From Timbertwig to Wurzelzweig

Mention Story Teller and Timbertwig will come to many people’s minds. One of the most popular characters to ever come out of the partwork, Timbertwig was written and illustrated by Peet Ellison. Here, he tells us about his endearing creation. 

by Peet Ellison

When Story Teller began, I was not long out of art college, and looking to find some freelance work. As I lived on Merseyside, the geography was a bit of a problem. Emails and broadband were the stuff of science fiction. I got a small break with a little independent publisher who was producing a sort of undercover magazine called ‘Pssst’. This featured many new artists, most of whom looked as though their work had been inspired by magic mushrooms! They put me in touch with Marshall Cavendish (MC), as they had heard they were looking for new writers/illustrators for a new partwork concept.

I met with the people at MC who were very supportive, and encouraged me to develop Timbertwig, which at the time was more of a fantasy concept.

Story Teller was rolled out by TV region. The area where I lived had Granada TV, which came later on the roll out. My biggest thrill was when on a job in Newcastle I saw a full window display in WHSmiths, of Part 5, my first edition. [MC] originally commissioned three episodes but the stories proved to be very popular and so two more stories were commissioned for later in the series. They wanted me to change my style, and pushed for a more “cartoony” feel. You can see the difference, but I am not sure it was an improvement.

As the magazine continued to sell well, they hit on the idea of a Christmas issue and asked me to write a contribution. As I was travelling home from London [one day] the train was delayed in snowy weather, and I wrote the story there and then. The story was printed almost word for word, with no editing. I had no idea that the whole cover would be taken up with one of my pictures. I wish that they had told me this was their intention, as I would have liked to have produced something a bit better. However, they did only give me two weeks to write and illustrate each story.

To celebrate the success of Story Teller, they threw a fancy dress party in London. I went dressed as Granny Knot, and won a prize for best costume. I also met George Layton, the narrator, who didn’t seem impressed at meeting an eight-feet witch who had drunk one too many glasses of wine!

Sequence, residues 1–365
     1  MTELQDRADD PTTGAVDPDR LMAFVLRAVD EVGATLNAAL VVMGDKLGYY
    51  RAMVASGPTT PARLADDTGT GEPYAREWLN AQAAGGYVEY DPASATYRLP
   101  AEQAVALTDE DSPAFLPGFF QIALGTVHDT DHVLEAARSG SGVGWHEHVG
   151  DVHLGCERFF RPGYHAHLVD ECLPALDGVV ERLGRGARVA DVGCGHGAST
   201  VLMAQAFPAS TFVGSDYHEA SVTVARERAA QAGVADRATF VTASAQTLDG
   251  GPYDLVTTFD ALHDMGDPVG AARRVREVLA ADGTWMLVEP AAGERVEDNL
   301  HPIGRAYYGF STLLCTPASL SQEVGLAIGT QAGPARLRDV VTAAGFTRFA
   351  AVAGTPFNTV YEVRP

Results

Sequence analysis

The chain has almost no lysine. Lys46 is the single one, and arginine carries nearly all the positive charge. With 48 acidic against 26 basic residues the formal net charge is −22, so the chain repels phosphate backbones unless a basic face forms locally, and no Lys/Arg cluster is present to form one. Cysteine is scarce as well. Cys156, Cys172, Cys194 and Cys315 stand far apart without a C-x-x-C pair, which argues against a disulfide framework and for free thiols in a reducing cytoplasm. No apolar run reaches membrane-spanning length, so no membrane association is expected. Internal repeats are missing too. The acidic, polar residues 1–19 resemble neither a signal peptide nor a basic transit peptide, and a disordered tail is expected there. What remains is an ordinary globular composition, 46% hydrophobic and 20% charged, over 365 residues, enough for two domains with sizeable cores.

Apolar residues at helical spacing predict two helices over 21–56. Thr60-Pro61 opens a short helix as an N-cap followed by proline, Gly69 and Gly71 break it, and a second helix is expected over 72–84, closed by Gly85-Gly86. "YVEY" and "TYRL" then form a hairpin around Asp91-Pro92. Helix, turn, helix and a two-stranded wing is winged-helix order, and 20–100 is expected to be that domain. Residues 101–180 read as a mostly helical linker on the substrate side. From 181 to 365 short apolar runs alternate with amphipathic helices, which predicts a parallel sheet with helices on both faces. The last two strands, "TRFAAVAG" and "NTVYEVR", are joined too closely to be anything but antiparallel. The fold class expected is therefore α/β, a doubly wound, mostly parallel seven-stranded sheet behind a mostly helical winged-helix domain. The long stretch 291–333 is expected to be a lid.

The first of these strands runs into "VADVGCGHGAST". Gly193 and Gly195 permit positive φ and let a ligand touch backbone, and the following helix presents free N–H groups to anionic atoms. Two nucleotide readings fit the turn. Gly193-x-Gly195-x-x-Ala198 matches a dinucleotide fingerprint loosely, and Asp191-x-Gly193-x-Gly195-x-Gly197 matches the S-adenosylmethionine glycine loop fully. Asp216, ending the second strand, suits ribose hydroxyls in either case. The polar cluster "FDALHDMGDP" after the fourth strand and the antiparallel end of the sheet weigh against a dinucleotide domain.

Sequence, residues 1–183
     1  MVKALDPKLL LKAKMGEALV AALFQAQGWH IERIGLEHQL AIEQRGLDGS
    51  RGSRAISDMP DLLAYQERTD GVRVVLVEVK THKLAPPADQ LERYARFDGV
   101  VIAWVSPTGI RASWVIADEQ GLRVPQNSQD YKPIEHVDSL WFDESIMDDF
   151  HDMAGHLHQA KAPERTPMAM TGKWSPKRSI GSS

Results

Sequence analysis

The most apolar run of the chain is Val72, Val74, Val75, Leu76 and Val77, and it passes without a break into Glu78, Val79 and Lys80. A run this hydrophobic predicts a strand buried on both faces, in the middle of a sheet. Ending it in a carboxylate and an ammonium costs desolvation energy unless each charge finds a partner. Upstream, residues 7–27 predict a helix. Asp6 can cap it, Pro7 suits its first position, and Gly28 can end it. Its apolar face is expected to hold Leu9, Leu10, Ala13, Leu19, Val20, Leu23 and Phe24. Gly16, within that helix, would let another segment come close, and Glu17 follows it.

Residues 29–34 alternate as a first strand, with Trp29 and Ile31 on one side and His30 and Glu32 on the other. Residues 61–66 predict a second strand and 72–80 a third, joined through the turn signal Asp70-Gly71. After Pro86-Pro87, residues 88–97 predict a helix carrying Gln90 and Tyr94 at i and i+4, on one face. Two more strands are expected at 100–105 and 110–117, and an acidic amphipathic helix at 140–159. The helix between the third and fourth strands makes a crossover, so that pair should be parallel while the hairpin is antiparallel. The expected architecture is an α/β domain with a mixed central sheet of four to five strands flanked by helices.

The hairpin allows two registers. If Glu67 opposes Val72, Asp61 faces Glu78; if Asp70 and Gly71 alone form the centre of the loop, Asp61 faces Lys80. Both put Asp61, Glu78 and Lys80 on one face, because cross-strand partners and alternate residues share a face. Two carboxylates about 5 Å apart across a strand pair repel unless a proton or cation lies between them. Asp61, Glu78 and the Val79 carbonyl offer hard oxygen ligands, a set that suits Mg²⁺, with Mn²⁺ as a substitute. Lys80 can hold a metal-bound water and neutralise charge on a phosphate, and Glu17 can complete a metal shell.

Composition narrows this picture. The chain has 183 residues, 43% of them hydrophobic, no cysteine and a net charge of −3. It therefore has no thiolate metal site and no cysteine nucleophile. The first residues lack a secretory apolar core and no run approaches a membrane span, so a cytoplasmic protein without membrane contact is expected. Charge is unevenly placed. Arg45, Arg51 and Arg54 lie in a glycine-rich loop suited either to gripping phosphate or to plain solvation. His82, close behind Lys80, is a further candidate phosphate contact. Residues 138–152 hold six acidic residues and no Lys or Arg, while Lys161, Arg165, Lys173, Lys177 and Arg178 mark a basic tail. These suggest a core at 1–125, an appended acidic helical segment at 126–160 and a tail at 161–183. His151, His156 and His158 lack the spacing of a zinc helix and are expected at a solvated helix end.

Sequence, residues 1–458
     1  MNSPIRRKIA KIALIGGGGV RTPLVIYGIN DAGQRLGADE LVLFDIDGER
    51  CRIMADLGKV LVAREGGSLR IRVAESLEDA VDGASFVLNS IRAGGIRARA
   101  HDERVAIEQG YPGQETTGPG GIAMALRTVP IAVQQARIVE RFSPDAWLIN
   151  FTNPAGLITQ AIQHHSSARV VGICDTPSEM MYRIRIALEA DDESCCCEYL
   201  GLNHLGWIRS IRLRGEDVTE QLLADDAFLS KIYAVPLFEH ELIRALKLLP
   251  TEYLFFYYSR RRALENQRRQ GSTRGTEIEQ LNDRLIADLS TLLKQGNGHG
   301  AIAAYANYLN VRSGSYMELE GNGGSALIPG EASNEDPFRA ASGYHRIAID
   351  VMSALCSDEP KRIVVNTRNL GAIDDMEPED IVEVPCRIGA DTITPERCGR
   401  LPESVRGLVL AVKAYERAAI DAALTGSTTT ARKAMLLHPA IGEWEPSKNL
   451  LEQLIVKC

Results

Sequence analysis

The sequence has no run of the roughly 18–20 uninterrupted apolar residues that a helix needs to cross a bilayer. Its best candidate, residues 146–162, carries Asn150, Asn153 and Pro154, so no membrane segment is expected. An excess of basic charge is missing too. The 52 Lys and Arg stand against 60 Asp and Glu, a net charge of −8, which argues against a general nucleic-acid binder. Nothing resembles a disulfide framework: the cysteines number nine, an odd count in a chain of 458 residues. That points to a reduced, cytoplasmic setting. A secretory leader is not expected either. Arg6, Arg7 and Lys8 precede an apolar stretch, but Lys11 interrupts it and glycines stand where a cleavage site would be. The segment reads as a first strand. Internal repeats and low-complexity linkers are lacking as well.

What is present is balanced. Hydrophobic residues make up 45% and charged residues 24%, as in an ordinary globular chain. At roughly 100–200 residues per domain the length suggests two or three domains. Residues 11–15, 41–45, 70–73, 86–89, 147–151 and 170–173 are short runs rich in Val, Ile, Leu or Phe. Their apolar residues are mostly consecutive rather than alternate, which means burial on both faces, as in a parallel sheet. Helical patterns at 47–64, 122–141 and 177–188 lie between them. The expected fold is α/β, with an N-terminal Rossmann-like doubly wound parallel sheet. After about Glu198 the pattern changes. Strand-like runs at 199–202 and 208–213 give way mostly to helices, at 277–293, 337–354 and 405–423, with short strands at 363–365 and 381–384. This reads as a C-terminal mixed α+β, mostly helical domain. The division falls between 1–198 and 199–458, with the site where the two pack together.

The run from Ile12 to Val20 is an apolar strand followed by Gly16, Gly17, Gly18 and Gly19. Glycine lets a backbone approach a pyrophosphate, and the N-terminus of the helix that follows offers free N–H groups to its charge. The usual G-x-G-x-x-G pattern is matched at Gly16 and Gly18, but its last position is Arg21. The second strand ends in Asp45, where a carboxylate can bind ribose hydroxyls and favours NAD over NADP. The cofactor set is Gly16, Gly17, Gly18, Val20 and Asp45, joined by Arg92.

Story Teller 2 was inevitable, but try as I might, I couldn’t get [MC] to take any [of my] new stories, despite my best efforts. Now that the magazine was established, they could call on lots of new illustrators and writers. As far as I know, there were no plans for a third series. Looking back, it is amazing that they produced so many, as there was a lot of work putting together the whole package, with the tapes as well.

Little Story Teller was obviously aimed at a younger market, and they published two further episodes of Bubble and Squeek. But that was the end of the road as far as MC and myself were concerned.

I knew from their reactions that Timbertwig had been a success, but no, I never received any fan mail or other correspondence.

In 2002, I held an exhibition in Warrington called The Secrets of the Lost Time Capsule. This was a concept exhibition which combined my fantasy artwork with a storyline, and interactive exhibits for the children. It was a great success, visited by 10,000 people. In the guestbook I read a comment from a French student, who was living in the area, who was teaching at a local school. She recognised my style, and linked me back to her childhood, when she used to read and listen to the adventures of Tirondin over and over again.

There is something really satisfying to know that you have reached so many people.

In Germany Timbertwig is Wurzelzweig, In Spain, Palitroque, In Italy, Bastoncello, and Tirondin in France. The more you dig, the more you find.

There are DJ’s and bikers with Timbertwig as their nickname. And to think it was just my brother’s nickname when I was little!